The judgment toward humanity for the first sin was heavy. Humans would indeed receive the promised penalty of death. They would no longer reside in the presence of their loving and holy God. Yet in Genesis 3:15 we also see a divine plan introduced that would result in the serpent being CRUSHED. One would arise from humankind—a son of Eve—who would strike the head of the serpent, crushing evil forever. This promise is often called the protoevangelium, the “first gospel.” Here we get a glimpse of how the story will end: not with God abandoning his broken world, but with a Savior—an offspring of Adam and Eve who would destroy sin and death forever.”

“The lovingkindness of God, first seen in the tenderness of his touch and the beauty of the garden, would save his rebellious people and restore their honor.

The death sentence would remain in place. Those who deny God’s authority would certainly die. But God would also make a way to bring his children home.

The God of the Gospel

By looking at both the creation and the fall of humankind, we can see a full picture of God’s character and the overarching plotline of the Bible—the gospel. God is our loving Creator and also holds final authority over our lives and over everything else he has made. People still attempt to live outside of God’s love and authority. The consequences are still dire, but God has provided a way back to him—a way back to thriving as we were created to do. God resolved to save us through his “offspring.” This is the God of the gospel. This is the story he has invited us into. This is the message you can bring to others.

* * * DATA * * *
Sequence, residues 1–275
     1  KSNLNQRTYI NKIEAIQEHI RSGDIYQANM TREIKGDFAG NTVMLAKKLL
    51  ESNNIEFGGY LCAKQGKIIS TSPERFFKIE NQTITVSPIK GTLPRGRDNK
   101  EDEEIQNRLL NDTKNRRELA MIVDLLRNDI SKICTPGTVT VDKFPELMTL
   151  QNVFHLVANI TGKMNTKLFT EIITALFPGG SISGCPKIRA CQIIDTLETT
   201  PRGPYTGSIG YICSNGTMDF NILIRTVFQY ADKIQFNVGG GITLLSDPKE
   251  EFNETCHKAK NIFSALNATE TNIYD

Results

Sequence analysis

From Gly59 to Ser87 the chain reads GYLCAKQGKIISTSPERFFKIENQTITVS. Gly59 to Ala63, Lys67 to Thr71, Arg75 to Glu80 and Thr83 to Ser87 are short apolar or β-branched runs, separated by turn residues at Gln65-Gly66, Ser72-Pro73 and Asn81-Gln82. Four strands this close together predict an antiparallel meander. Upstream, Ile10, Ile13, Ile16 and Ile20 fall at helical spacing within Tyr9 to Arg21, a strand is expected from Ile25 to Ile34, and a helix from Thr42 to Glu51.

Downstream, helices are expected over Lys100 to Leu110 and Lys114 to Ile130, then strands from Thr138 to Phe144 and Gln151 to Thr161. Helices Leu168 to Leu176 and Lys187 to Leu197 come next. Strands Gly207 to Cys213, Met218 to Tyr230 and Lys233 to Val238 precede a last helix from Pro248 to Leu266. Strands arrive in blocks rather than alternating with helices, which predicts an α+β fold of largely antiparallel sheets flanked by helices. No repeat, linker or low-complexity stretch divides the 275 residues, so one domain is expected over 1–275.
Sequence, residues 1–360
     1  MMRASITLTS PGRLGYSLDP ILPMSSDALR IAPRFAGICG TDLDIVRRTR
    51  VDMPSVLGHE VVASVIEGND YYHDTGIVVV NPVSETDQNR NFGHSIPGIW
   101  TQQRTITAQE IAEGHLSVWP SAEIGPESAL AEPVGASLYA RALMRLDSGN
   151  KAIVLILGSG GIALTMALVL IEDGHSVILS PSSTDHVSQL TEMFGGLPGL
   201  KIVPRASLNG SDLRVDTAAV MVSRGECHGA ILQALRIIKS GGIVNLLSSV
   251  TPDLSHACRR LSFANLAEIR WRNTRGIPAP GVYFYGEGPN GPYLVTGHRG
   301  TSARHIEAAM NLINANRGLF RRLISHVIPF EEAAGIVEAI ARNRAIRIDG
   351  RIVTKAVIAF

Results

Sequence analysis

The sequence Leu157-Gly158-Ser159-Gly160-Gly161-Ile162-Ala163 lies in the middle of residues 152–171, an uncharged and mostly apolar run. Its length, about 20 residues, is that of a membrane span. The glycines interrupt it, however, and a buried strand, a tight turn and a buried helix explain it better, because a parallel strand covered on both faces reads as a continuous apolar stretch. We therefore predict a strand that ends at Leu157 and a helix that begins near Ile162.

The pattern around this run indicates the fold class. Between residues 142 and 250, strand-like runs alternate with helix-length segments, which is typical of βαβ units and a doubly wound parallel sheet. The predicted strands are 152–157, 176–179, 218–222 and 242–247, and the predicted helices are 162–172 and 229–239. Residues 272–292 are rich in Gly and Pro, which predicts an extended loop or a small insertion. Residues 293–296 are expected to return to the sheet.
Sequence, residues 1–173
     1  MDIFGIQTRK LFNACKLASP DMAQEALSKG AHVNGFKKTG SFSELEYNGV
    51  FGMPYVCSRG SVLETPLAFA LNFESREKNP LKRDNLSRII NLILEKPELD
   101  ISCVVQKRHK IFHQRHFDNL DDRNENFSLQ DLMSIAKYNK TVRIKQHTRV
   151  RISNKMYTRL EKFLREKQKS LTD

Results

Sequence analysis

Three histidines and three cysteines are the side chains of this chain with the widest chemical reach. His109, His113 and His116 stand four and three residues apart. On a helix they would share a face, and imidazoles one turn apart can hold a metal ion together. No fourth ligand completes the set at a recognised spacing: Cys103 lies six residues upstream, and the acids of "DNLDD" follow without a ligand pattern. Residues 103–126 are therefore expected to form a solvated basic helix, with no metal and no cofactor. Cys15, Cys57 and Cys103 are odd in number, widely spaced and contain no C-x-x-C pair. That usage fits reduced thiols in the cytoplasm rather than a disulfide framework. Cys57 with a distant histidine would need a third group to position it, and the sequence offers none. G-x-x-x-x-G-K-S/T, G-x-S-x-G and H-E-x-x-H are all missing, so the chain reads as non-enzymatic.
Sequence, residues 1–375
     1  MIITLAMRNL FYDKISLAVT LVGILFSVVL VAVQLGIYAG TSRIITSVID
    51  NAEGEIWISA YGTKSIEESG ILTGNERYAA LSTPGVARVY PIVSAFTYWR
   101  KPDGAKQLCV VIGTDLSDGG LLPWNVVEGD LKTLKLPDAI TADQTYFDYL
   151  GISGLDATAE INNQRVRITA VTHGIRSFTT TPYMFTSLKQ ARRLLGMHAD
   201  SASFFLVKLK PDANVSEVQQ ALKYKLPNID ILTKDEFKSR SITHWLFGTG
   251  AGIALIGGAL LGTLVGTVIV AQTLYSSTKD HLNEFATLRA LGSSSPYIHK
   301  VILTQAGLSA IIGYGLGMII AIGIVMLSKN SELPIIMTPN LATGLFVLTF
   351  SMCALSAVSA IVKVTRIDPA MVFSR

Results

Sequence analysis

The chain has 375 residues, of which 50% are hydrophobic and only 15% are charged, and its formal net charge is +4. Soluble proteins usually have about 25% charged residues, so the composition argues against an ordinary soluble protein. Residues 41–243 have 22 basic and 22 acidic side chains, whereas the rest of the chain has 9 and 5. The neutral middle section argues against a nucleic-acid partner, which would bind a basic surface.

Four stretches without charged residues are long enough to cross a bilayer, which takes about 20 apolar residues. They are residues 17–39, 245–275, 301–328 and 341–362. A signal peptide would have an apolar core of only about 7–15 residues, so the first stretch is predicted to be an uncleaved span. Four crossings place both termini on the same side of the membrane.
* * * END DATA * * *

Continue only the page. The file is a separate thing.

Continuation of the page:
Excerpted from Gospel 101: Learning, Living, and Sharing the Gospel ©2018 by Jeff Dodge. May not be reproduced without prior written permission.

Gospel 101 Frontcover

Gospel 101: Learning, living and Sharing the Gospel

This small group study and practical resource invites readers to develop the biblical literacy needed to share the gospel simply and effectively and without formulas. Designed for Christians who want to put their faith into action and grow in biblical knowledge, Gospel 101 explains the foundational gospel truth with digestible amounts of Scripture without diluting the gospel message.

About the author

Jeff Dodge

Jeff Dodge, MDiv, DMin, PhD, is the teaching pastor at Veritas Church in Iowa City, Iowa. He also directs Veritas School of Theology and serves as Assistant Professor of Theological Studies at Midwestern Baptist Theological Seminary in Kansas City. Jeff and his wife, Teresa, have four children and several grandchildren. He is the author of Gospel 101: Learning, Living, and Sharing the Gospel and Titus: Life-Changing Truth in a World of Lies (part of The Gospel-Centered Life in the Bible series).